Miss Liesl OlivierLiesl Olivier, a British-South African wonderwoman, provides a nexus of all things Anglophone and literary in Amsterdam. She singlehandedly has turned [read more] her cozy, book-filled shop on the corner of the Lauriergracht and the Hazenstraat, into a place where the expat community gathers. Not only does Liesl provide that safe haven where you know you can find that special book but she also furnishes us all with a platform for events; from children's playgroups to writer's round tables to quiz nights. Liesl works tirelessly; you can find her in the English Bookshop most days of the week herself, ready to provide tea and sympathy to the expat community and travelers alike. Liesl is a beacon in the expat community and deserves our vote for all her dedication and inspiration! [less]
Mr Gregory Shapiro
Greg is a comedian with shows aimed at expats. In his own funny way, he shows us the difference between people who come from other countries (expats) [read more] and the people of Holland. He also covers how dificult it is to fit in the Dutch culture at a time that the Dutch are going through an identity crisis. New this year is his show Greg Shapiro Presents, which he does together with a range of international comedians (such as Ava Vidal) he brings to the Netherlands.[less]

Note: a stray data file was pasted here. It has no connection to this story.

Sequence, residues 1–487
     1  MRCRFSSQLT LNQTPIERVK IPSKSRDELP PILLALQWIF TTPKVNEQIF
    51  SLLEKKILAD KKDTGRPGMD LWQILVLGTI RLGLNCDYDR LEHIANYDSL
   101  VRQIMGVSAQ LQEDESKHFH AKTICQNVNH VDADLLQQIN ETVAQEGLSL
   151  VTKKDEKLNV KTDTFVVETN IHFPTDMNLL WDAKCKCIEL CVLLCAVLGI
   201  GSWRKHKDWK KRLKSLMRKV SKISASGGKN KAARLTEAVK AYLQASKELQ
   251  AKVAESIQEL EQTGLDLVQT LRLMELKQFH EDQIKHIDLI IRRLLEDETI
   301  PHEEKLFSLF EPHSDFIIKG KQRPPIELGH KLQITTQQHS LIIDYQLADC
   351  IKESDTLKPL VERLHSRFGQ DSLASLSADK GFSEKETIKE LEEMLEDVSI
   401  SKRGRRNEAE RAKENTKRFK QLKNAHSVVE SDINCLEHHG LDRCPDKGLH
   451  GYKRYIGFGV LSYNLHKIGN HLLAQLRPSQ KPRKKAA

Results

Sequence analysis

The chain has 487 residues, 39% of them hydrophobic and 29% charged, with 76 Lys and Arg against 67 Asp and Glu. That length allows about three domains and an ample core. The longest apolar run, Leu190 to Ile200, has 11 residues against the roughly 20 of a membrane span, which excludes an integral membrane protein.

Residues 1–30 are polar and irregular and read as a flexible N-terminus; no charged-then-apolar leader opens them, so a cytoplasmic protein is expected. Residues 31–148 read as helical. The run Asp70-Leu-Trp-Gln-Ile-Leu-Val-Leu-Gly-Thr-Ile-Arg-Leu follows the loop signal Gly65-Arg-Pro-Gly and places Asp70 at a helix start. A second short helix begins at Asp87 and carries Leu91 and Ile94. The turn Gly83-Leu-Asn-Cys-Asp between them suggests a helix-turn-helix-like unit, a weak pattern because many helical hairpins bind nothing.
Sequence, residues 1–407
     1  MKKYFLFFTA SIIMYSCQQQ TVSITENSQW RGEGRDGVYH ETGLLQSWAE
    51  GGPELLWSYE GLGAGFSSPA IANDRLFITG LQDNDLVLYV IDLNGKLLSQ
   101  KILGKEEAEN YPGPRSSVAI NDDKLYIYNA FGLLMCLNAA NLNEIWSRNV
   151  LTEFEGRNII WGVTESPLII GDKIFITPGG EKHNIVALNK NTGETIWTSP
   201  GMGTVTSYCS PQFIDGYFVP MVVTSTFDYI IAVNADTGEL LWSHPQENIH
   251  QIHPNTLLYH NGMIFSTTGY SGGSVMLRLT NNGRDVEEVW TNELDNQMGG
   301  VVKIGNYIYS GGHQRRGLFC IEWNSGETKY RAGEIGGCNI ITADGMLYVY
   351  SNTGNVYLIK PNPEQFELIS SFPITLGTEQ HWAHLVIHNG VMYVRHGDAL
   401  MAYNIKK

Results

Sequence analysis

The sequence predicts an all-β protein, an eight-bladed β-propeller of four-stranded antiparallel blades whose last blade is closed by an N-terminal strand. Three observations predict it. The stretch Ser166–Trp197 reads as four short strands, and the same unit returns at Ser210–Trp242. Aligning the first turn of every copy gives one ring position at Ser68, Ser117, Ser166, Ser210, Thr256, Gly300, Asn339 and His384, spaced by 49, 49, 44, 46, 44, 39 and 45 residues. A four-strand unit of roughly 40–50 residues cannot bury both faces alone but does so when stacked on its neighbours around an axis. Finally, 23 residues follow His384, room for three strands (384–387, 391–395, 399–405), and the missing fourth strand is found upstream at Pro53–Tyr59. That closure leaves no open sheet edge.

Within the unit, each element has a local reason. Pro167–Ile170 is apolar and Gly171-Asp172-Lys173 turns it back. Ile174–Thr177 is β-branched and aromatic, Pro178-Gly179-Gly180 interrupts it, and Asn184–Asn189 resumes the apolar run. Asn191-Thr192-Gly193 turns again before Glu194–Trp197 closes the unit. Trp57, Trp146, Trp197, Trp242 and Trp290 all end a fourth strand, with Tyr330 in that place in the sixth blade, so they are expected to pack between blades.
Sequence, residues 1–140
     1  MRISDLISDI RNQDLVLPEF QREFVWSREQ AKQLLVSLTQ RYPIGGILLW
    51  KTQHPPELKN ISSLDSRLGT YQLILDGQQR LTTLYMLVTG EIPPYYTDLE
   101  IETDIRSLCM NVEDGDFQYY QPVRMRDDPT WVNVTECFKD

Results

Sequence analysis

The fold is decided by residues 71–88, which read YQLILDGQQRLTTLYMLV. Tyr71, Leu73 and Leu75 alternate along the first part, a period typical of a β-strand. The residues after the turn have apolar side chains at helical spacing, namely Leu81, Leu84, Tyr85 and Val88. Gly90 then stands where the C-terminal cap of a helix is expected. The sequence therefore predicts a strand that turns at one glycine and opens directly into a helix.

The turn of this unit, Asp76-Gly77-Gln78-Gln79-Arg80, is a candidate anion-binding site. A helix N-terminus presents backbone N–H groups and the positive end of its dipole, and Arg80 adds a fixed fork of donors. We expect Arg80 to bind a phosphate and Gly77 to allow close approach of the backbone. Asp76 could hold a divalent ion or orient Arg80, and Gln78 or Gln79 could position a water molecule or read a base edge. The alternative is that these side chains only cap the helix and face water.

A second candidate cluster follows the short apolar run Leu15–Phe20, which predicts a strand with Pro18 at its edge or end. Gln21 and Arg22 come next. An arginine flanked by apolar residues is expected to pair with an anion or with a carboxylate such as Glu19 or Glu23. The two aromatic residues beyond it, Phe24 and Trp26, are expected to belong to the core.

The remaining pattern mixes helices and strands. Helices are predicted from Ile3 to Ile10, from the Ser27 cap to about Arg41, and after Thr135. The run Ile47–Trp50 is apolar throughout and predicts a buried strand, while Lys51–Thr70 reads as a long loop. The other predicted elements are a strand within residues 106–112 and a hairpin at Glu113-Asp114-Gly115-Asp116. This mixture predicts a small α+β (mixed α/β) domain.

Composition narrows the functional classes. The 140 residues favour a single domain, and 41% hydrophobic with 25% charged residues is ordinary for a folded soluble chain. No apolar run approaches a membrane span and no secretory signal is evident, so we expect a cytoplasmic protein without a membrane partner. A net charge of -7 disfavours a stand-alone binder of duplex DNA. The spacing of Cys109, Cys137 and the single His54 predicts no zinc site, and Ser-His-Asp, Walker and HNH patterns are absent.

Mrs Deborah ValentineDeborah Valentine is a Canadian resident of The Hague who has made the Netherlands her home and is helping others feel the same. She helps with endless [read more] questions, generously sharing her time as well as her contacts, ideas and tips. Extending a hand in The Hague is her calling. In the over eight years Deborah has lived there, she contributed greatly to the expat/international community in The Hague. She managed the organisation of the Feel At Home In The Hague Fair, followed by the Connecting Women network (where she held board position), and currently she is on the Board of the WBII. She also launched a get together community platform for the expat residents of her neighbourhood in The Hague and is a self-appointed Honorary Consul for all internationals who move to her neighbourhood. She finds time to write and contribute articles on various aspects of living in the Netherlands for English language publications including the Xpat Journal, the Access Magazine and others. She is an extraordinary connector of people and businesses and is an inspiration to all. She does not sit back, complain and criticise, but gets involved, gets things done, is always positive, and stays connected and involved with the local community as well. She is a great service not only to the expats but also to the city of The Hague. [less]